INmagazine Sayı 11 - Page 50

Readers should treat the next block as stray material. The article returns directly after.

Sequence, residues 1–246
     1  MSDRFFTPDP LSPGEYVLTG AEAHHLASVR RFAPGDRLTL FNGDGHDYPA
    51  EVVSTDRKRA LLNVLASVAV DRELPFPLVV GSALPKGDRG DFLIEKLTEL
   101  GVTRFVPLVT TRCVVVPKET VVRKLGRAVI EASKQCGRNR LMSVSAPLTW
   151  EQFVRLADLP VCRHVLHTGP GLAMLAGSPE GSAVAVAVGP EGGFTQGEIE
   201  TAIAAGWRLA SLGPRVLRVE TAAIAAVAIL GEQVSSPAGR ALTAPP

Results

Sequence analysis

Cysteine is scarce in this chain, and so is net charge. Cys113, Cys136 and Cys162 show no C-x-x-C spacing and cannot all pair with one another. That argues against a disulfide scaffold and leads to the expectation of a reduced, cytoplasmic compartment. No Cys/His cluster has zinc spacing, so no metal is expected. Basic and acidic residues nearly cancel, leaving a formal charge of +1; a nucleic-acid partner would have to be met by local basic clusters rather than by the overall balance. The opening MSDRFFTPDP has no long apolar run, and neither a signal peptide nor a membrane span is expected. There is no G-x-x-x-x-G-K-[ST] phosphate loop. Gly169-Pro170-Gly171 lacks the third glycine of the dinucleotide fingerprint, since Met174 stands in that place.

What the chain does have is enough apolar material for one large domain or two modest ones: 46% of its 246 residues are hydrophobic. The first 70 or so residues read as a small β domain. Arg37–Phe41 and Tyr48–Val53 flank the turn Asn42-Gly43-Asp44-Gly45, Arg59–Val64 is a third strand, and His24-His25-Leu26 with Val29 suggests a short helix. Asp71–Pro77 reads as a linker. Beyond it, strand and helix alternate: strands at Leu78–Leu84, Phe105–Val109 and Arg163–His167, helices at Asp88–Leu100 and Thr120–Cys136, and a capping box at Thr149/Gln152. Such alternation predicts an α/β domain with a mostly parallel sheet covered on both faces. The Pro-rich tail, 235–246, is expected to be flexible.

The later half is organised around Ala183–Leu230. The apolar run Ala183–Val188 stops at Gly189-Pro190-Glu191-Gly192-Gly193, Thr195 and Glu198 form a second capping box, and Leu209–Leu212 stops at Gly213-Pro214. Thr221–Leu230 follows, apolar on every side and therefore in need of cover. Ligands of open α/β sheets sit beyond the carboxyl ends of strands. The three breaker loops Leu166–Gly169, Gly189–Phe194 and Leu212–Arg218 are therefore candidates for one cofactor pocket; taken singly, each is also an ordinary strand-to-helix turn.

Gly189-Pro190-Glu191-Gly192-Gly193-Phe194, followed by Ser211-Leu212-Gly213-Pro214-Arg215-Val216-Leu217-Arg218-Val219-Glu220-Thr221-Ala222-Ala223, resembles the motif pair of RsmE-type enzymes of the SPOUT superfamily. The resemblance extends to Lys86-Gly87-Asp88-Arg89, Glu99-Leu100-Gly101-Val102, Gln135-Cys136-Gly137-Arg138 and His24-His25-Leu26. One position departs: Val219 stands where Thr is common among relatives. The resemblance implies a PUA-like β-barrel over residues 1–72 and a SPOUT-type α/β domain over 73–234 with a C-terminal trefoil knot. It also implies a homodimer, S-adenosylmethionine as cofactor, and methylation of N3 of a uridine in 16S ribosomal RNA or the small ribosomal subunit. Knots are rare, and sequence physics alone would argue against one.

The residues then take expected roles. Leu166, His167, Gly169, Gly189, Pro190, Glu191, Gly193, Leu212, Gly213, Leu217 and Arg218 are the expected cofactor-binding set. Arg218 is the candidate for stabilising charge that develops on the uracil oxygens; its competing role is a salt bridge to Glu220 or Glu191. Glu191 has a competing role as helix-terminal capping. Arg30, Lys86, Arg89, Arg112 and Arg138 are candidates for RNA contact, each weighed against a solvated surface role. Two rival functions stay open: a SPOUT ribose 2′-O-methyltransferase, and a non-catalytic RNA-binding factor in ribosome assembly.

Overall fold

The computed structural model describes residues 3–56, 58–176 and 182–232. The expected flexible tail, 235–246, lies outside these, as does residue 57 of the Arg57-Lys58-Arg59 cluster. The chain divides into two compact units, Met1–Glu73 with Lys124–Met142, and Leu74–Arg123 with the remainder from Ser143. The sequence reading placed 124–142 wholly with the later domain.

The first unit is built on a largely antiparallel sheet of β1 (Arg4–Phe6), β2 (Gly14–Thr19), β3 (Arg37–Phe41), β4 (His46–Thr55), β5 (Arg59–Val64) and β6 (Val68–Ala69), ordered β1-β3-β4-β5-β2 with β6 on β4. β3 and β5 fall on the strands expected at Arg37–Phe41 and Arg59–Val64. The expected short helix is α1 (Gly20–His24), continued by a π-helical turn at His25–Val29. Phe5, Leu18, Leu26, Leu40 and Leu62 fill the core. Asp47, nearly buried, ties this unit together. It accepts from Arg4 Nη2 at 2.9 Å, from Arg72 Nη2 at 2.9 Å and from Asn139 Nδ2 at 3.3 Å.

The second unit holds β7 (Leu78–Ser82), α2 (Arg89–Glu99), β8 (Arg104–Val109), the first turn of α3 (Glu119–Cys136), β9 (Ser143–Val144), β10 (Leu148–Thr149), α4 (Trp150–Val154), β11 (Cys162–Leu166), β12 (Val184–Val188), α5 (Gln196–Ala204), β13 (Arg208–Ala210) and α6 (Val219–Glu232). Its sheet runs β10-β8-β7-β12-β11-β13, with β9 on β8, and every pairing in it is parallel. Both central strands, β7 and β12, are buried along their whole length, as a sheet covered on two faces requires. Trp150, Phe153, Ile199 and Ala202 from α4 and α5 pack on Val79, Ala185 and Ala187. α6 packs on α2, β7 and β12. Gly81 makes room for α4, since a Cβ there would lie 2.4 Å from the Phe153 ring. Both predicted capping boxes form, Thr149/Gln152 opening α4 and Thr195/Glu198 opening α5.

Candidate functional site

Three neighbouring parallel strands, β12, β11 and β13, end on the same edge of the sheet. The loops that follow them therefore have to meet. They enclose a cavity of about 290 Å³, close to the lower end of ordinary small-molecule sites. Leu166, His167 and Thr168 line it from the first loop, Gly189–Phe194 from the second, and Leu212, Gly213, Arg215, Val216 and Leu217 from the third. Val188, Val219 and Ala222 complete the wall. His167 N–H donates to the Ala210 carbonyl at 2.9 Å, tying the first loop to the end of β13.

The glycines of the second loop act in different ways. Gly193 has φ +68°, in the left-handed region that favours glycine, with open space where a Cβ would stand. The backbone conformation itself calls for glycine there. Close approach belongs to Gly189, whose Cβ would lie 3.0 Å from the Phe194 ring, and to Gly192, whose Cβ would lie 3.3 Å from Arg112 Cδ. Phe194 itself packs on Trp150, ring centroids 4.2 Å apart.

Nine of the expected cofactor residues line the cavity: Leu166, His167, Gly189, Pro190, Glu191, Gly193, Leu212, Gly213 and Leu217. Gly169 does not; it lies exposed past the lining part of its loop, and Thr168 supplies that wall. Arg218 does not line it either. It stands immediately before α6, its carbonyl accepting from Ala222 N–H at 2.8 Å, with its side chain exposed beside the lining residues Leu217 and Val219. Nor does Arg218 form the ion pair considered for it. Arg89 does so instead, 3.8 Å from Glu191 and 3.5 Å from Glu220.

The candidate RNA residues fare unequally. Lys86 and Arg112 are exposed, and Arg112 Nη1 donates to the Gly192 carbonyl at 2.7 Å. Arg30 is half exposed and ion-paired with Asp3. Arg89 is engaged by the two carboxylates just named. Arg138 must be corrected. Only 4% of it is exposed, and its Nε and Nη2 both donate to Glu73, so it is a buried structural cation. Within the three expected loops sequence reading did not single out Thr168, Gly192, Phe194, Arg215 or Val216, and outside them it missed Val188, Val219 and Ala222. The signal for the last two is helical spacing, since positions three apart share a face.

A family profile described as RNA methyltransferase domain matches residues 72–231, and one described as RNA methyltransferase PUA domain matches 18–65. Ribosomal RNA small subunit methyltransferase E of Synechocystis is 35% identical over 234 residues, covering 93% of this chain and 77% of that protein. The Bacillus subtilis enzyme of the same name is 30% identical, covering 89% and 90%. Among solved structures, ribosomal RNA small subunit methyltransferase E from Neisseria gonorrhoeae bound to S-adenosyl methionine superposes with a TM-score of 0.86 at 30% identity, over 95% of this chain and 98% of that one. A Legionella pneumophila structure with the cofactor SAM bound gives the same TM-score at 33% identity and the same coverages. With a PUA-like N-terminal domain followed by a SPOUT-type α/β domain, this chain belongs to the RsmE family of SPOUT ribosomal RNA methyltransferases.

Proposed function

ARTICLE 48 Unlike the GDPR, TDPL does not provide any groundwork as to how the rights of the individual will be protected against the rights of the media and vice versa. Paragraph 3 of Article 7 (TDPL), has declared that the methods and scope of how the right to be forgotten is going to be implemented will be utilised with upcoming regulations. As soon as these regulations are published, the incorporation and applicability of the right will be much clearer. Right now, there are several loopholes and unanswered questions about the extent of Article 7, regarding freedom of expression and other fundamental rights. In the preamble of the law, Article 7 suggests numerous ways in which the personal data no longer needed for the precise purpose in which it was obtained for can be physically destroyed. This right is also available for data subjects whose personal data have been unlawfully acquired. Furthermore, the preamble specifies that the personal data which qualifies for erasure under Article 7, should be destroyed to render it impossible for retrieval. The data should be completely destroyed regardless of what source it has been stored on. Whether it’s a CD, hard drive, document or hard copy doesn’t make a difference. Making the personal data anonymous requires that the data should in no way be associated with the data subject. Therefore, although the personal data information may still be present as a statistic, it should not be connected to an identity and consequently should not be traceable. The TDPL has not established a set of new penalties for violations arising from personal data processing but instead has referred to the Turkish Criminal Law Act as reference. According to Article 17 (1) of the TDPL, those who violate rights regarding the privacy of data subjects by publishing sensitive data about them will be punished according to Articles 135-140 of the Criminal Code. This means that those who record personal data illegally will be sentenced to 1-3 years of imprisonment. If the personal data is sensitive data, i.e. Regarding the sexual health, religious beliefs, political views or health matters, however, the sentence will be raised by half. Article 138 of the Criminal Code, on the other hand, defines what will happen if the right to erase, destroy or make the personal data anonymous is violated. This will lead to 1-2 years of imprisonment. The Criminal Act threatens to impose extra measures on corporations. Financial sanctions are also on the agenda. CONCLUSION Overall, with regards to the right to be forgotten, the GDPR and TDPL have significant differences. The European regulation entails a detailed manifestation of the right to be forgotten including how it’ll be implemented and under what circumstances it could be invoked. Whereas, the TDPL has a substantial vagueness. The lack of clarity and detail in the TDPL leaves excessive initiative to the authorities, when it comes to how the decision will be made and whether the right to be forgotten will be granted. Furthermore, it is very likely that the TDPL will be needing revisions and alterations with additional by-laws in the near future to compensate for the absence of an adequate legislation. Without some clarity, the implementation process is bound to experience difficulties. Nevertheless, although the GDPR is a clearly written legislation, it is not flawless and has attracted criticisms from many specialists and journalists. The main reason why the right to be forgotten has been appraised by several sources is because it undermines the freedom of expression and the right to access information. This, however, is not the only ground for criticism. Similar to the TDPL, the GDPR is also very susceptible to difficulties regarding the implementation process. The scope of the GDPR is extra-territorial and this raises questions about sovereignty. The European commission requires all countries to abide by the decisions that come out of the European regulation. Peter Fleischer, Google’s privacy leader, in a recent interview said “we’ve been defending the idea that each country should be able to balance freedom of expression and privacy in the way that it chooses, not in the way that another country chooses. We’re doing this because we want to ensure that people have access to content that is legal in their country” (6). To sum up, Google is currently only deleting news links from specific country (European) domains (i.e. google.de). Most deleted news links are still accessible from the United States. The GDPR and TDPL have legislated different methods as penance for when and if the personal data subject’s rights are violated. The fact that the penalties differ is bound to cause problems in the long run for companies. This situation may cause confusion regarding which of the regulations will be referred to when it comes to deciding how to punish the infringements. Given this situation, we may argue; is the right to be forgotten ‘really’ available? Different jurisdictions such as Europe and the United States aren’t found upon the same values. For multinational companies, the differences of Data Privacy Laws and the applicability of them triggers high risk, especially in data transfer and process applications. For Europe and Turkey, we will need further clarification on the applicability of right to be forgotten through by-laws and court rulings. In the meantime, Data Privacy Officers/Compliance Officers of multinational companies will need to consider these differences to create a robust Data Privacy compliance programme to mitigate the risks. 4 Footnotes: (1) https://www.imperva.com/ blog/2017/03/gdpr-series-part-4-penaltiesnon-compliance/ (2) http://ec.europa.eu/justice/dataprotection/files/factsheets/factsheet_data_ protection_en.pdf (3) http://ec.europa.eu/justice/dataprotection/files/factsheets/factsheet_data_ protection_en.pdf (4) http://eur-lex.europa.eu/legal-content/ EN/TXT/?uri=CELEX%3A62012CJ0131 (5) http://ec.europa.eu/justice/dataprotection/files/factsheets/factsheet_data_ protection_en.pdf (6) https://techcrunch.com/2017/07/19/ googles-right-to-be-forgotten-appealheading-to-europes-top-court/ A R T I CL E 48 Unlike the GDPR, TDPL does not provi- de any groundwork as to how the rights of the individual will be protected aga- inst the rights of the media and vice ver- sa. Paragraph 3 of Article 7 (TDPL), has declared that the methods and scope of how the right to be forgotten is going to be implemented will be utilised with upcoming regulations. As soon as these regulations are published, the incor- poration and applicability of the right will be much clearer. Right now, there are several loopholes and unanswered questions about the extent of Article 7, regarding freedom of expression and other fundamental rights. In the preamble of the law, Article 7 suggests numerous ways in which the personal data no longer needed for the precise purpose in which it was obtai- ned for can be physically destroyed. This right is also available for data sub- jects whose personal data have been unlawfully acquired. Furthermore, the preamble specifies that the personal data which qualifies for erasure under Article 7, should be destroyed to render it impossible for retrieval. The data sho- uld be completely destroyed regardless of what source it has been stored on. Whether it’s a CD, hard drive, document or hard copy doesn’t make a difference. Making the personal data anonymous requires that the data should in no way be associated with the data subject. Therefore, although the personal data information may still be present as a statistic, it should not be connected to an identity and consequently should not be traceable. The TDPL has not established a set of new penalties for violations arising from personal data processing but ins- tead has referred to the Turkish Crimi- nal Law Act as reference. According to Article 17 (1) of the TDPL, those who violate rights regarding the privacy of data subjects by publishing sensitive data about them will be punished accor- ding to Articles 135-140 of the Criminal Code. This means that those who record personal data illegally will be senten- ced to 1-3 years of imprisonment. If the personal data is sensitive data, i.e. Regarding the sexual health, religious beliefs, political views or health mat- ters, however, the sentence will be rai- sed by half. Article 138 of the Criminal Code, on the other hand, defines what will happen if the right to erase, destroy or make the personal data anonymous is violated. This will lead to 1-2 years of imprisonment. The Criminal Act threa- tens to impose extra measures on cor- porations. Financial sanctions are also on the agenda. CONCLUSION Overall, with regards to the right to be forgotten, the GDPR and TDPL have sig- nificant differences. 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